Amid a crowd of people, Michael Murphy stood away from the cheers and the congratulations.
All that mattered was his 12-year-old sister, Molly.
Feet away from those who bore his name on their T-shirts, he stood holding his sister, her legs wrapped around his torso, as tears streamed down both of their reddened faces.
The monthlong fight between Impact Party and Inspire Party was over. Murphy, Impact’s candidate, will be the next UF Student Body president.
Murphy had his moment before he, and Impact’s vice presidential and treasurer candidates, Sarah Abraham and Santiago Gutierrez, were avalanched by a flurry of hugs and congratulations.
“The students ultimately showed that they, once again, trust the Impact Party to voice their concerns to the university,” Murphy said.
On Tuesday and Wednesday, 10,708 students voted for the Student Body president, vice president, treasurer and 41 contested Senate seats in the Student Government elections.
Murphy and Abraham won 59.7 percent of the votes while Inspire Student Body presidential elect Zachariah Chou and Inspire Student Body vice presidential candidate Gouthami “Gigi” Gadamsetty won 39.57 percent of the votes.
Impact won 29 Senate seats and Inspire won 21 seats.
Last year, Impact also won the executive ticket and the majority of Senate seats.
Last Friday, The Alligator released an article in regards to finding homophobic and racially insensitive posts on Murphy’s Facebook from 2011 to 2016. Homophobic posts were also found on the Facebook pages of Gutierrez and Abraham.
Each candidate apologized, and the posts have since been deleted.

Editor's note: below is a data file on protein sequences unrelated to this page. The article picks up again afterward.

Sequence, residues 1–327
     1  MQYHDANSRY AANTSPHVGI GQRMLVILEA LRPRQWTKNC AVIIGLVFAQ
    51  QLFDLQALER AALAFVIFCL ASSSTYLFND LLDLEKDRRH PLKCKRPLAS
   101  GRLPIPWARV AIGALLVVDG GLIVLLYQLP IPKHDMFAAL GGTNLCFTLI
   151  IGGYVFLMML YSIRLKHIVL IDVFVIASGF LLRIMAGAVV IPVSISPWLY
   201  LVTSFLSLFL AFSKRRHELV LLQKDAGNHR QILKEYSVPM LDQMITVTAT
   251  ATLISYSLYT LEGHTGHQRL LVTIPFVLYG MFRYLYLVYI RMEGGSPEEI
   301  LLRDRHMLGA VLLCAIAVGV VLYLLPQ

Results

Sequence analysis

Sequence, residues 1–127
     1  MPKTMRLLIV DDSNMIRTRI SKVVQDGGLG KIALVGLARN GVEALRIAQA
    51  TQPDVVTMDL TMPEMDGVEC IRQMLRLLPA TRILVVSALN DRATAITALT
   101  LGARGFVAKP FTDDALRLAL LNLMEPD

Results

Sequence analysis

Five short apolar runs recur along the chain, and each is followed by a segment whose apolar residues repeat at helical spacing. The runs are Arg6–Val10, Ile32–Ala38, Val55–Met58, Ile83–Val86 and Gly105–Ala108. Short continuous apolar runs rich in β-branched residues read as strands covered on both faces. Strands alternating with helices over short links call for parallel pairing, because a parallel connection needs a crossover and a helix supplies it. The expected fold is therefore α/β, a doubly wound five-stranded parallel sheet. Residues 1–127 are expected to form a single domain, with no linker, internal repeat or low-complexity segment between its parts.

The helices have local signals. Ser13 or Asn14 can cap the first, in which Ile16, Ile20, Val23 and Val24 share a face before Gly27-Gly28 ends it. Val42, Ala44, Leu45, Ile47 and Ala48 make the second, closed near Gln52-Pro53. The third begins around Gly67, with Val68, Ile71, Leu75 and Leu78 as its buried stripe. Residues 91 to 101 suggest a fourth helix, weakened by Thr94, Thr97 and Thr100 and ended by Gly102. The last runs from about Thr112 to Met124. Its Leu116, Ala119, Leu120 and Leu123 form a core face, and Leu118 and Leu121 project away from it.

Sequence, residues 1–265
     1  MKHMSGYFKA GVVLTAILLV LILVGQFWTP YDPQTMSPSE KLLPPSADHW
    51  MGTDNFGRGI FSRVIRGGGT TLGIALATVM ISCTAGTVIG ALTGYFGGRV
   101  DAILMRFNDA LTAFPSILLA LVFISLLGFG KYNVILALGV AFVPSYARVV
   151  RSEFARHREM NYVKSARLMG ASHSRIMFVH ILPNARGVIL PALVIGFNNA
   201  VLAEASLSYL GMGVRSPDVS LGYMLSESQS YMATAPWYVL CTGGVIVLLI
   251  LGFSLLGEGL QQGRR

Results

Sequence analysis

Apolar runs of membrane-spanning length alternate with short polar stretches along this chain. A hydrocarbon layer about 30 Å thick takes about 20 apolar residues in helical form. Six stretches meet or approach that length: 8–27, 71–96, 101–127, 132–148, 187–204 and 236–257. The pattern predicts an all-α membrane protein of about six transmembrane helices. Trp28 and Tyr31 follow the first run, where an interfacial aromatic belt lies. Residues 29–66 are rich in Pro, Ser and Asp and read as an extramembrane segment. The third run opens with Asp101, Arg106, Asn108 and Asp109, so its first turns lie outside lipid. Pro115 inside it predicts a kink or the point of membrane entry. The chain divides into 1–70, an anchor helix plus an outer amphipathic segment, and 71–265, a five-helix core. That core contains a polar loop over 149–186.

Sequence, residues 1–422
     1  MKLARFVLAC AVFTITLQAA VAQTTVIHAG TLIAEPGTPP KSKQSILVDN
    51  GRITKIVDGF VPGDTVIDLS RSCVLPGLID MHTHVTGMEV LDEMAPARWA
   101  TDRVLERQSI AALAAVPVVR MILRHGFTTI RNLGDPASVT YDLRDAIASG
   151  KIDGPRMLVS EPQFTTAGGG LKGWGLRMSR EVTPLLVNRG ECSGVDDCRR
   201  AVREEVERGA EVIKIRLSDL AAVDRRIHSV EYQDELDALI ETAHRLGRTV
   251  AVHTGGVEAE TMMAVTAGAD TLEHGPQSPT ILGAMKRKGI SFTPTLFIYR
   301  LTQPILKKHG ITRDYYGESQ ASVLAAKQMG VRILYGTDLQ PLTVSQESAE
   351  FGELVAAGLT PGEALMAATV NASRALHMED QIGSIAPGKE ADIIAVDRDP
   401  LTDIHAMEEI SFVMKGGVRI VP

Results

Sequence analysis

The controversy of the past week did not dull the spirits of the Impact Party on Wednesday night.
As the lights brightened Turlington Plaza, a roar could be heard from the horde gathered in the middle.
“I-M-P! A-C-T! Impact is for you and me!”
This refrain continued over and over until the crowd of more than 70 people in light blue and white shirts reached the Reitz Union to learn their fate after a month of campaigning.
“Regardless of tonight, win or lose, you guys are always going to have a place within the Impact Party, and we are always going to love you,” said Emily Dempsey, Impact Party campaign manager.
When the crowd reached the Reitz Union, Murphy’s grandparents distributed mini cupcakes with a green icing gator and Impact Party flag planted by a toothpick.
Murphy said the snowstorm on the east coast made his family drive 11 hours instead of fly from Fairfax, Virginia. The family helped campaign on the last day of elections in addition to observing the results.
Sarah Abraham became the first Indian American elected to be Student Body vice president in UF’s history.
But she was nervous going into the results.
“I was praying, honestly,” Abraham said.
When Gutierrez won, he was immediately swarmed by fellow Impact members.
Although his family wasn’t present, his family texted him: “We’re so proud of you, mijo.”
He said he comes from a low-income family, so he will most likely keep his salary. Abraham and Murphy said they had not decided what they would do with their salaries.